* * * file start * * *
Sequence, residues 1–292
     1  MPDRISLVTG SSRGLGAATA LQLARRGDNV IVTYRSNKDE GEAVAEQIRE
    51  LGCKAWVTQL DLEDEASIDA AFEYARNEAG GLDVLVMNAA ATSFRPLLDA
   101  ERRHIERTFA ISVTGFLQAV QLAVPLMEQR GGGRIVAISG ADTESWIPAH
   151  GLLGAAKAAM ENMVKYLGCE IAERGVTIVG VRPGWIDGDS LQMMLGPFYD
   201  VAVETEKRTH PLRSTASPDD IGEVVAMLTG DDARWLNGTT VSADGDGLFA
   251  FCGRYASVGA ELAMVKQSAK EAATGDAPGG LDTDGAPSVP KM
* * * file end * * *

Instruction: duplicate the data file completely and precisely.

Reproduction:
Sequence, residues 1–292
     1  MPDRISLVTG SSRGLGAATA LQLARRGDNV IVTYRSNKDE GEAVAEQIRE
    51  LGCKAWVTQL DLEDEASIDA AFEYARNEAG GLDVLVMNAA ATSFRPLLDA
   101  ERRHIERTFA ISVTGFLQAV QLAVPLMEQR GGGRIVAISG ADTESWIPAH
   151  GLLGAAKAAM ENMVKYLGCE IAERGVTIVG VRPGWIDGDS LQMMLGPFYD
   201  VAVETEKRTH PLRSTASPDD IGEVVAMLTG DDARWLNGTT VSADGDGLFA
   251  FCGRYASVGA ELAMVKQSAK EAATGDAPGG LDTDGAPSVP KM